Bill and Harvey were together for 32 years, and they were registered domestic partners in California. That ended in the summer of 2009 when Harvey died unexpectedly. Harvey was a television producer and loved his job - he worked nearly until his death, even though he hit retirement age more than a year before he died. He was collecting the maximum Social Security benefit of almost $2,400.
Bill also enjoys his work. That’s a good thing, since he’ll have to work well past the retirement age he’ll hit in 2011. Bill has never earned as much as Harvey, so his Social Security benefit won’t be nearly as much as Harvey’s either. Instead of Harvey’s monthly $2400 benefit, he’ll probably get about $500.
If Bill were “Billy Jeane” a woman, and s/he and Harvey were allowed to do what they always wanted to do and marry - Bill would hit his retirement age in 2011 and his benefit would be lifted to the same amount as Harvey’s. In other words, Bill’s $500 monthly benefit would convert to a total of $2,400. Would he be allowed to collect both his benefit and Harvey’s? No. But he would be able to claim the higher of the two. When this plan was established, the thought was that, by providing the larger of the two benefits to a surviving partner, the federal government was doing its part to help ensure the financial stability of that survivor. This put the “security”in “social security” and kept widows and widowers from falling into poverty that would in turn drain other sectors of the economy. It was not only humane, it was smart.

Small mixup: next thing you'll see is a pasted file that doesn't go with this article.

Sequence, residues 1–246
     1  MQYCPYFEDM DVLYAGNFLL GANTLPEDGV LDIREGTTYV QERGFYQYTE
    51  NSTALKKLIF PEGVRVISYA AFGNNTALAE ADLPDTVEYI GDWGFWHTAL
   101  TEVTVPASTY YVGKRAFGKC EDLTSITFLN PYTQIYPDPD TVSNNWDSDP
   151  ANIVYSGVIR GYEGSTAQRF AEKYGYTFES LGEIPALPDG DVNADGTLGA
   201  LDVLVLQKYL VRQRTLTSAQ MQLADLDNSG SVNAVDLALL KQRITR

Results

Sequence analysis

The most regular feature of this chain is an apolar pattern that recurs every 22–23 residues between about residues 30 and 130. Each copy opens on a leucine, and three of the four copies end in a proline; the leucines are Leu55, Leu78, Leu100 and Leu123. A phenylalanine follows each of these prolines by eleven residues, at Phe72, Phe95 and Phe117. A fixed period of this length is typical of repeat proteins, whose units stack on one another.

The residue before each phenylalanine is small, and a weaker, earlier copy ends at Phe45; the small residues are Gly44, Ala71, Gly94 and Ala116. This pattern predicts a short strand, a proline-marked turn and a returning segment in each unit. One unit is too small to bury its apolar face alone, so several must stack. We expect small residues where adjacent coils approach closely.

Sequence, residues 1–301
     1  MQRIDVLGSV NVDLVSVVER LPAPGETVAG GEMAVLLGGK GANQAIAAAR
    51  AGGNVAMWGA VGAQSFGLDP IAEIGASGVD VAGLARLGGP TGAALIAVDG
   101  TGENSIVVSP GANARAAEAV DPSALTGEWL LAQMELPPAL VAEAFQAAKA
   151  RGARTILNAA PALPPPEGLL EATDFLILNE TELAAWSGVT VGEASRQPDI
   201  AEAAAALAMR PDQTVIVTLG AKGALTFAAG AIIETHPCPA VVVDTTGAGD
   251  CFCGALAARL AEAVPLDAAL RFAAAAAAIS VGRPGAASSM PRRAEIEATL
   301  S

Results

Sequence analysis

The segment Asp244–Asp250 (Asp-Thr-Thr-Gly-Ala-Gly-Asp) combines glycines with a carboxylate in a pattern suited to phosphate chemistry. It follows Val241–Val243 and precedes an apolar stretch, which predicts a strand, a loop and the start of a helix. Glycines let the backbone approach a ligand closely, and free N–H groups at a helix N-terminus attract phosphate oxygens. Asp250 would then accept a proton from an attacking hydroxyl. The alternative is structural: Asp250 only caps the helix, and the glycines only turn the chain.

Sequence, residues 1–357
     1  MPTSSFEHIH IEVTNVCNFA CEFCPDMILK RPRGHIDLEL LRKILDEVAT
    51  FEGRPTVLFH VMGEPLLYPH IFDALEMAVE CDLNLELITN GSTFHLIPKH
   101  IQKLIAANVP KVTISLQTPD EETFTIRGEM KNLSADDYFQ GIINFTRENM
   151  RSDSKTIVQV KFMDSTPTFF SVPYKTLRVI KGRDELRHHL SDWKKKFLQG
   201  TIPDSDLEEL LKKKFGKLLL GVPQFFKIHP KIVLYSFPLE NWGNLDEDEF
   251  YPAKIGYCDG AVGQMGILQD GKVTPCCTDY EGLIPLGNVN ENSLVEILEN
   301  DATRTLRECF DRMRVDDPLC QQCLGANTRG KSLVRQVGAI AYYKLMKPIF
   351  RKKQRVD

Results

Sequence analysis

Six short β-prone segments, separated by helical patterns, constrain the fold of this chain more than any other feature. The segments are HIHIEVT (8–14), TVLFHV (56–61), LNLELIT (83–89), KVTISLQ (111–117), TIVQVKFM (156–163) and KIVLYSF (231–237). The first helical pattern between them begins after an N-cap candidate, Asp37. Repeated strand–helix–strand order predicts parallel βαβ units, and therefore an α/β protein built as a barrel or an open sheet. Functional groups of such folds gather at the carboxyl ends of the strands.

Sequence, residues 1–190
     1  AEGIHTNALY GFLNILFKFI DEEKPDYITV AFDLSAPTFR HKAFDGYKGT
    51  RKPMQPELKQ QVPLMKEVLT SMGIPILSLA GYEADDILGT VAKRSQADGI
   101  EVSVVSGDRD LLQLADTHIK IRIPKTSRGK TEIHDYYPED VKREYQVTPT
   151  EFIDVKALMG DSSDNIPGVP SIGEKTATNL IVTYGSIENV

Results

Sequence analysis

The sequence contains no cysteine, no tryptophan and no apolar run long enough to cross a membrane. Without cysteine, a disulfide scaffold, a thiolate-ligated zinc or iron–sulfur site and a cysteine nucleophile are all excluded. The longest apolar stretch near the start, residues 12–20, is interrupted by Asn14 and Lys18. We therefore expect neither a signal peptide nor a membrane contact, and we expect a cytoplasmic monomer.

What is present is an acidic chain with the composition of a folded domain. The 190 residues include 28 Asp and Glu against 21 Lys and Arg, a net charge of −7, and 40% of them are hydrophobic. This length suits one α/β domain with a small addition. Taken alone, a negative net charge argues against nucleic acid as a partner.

Bill says, “We were a team – just like any married couple. And we built something wonderful together. I just want what all those other teams get – nothing more.”
Bill doesn’t want a hand-out, or special treatment. Bill wants the benefit of a safety net that other Americans take for granted. Bill wants YOU to join him and Rock for Equality so that, together, we can end Social Security discrimination.